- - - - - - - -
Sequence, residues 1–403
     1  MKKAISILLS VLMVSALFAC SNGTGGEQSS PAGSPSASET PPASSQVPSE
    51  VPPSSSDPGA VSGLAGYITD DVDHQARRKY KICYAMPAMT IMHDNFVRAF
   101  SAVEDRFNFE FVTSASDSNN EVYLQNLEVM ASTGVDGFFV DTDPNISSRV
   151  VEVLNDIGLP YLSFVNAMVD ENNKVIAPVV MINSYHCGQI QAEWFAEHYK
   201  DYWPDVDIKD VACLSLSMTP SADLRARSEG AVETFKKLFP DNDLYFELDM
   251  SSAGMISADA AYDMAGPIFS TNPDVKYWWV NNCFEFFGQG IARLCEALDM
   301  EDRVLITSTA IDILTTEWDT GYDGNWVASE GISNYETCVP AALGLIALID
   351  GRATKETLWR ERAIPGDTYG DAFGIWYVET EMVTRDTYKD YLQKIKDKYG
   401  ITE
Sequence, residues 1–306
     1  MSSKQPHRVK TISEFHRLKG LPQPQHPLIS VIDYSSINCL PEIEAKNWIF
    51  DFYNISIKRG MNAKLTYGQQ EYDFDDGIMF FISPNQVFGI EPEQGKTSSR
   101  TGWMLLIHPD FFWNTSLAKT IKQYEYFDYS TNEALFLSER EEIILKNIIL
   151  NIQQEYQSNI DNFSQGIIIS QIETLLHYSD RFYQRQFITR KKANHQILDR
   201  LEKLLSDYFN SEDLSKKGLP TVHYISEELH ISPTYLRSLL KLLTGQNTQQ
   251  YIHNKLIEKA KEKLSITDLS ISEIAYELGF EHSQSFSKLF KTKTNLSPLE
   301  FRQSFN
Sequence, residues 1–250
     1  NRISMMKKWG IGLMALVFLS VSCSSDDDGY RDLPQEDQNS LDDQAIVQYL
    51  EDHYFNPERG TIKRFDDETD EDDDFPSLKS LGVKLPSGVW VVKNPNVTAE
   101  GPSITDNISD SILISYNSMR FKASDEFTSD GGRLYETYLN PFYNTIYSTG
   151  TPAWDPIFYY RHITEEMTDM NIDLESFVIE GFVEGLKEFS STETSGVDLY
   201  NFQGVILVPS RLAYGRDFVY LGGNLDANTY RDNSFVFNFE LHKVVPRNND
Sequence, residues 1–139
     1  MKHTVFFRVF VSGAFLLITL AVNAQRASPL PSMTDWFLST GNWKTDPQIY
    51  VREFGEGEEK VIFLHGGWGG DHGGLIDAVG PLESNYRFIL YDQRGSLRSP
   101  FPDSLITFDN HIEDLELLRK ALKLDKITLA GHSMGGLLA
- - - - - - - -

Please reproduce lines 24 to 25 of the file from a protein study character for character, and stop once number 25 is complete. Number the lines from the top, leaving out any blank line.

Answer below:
   201  NFQGVILVPS RLAYGRDFVY LGGNLDANTY RDNSFVFNFE LHKVVPRNND
Sequence, residues 1–139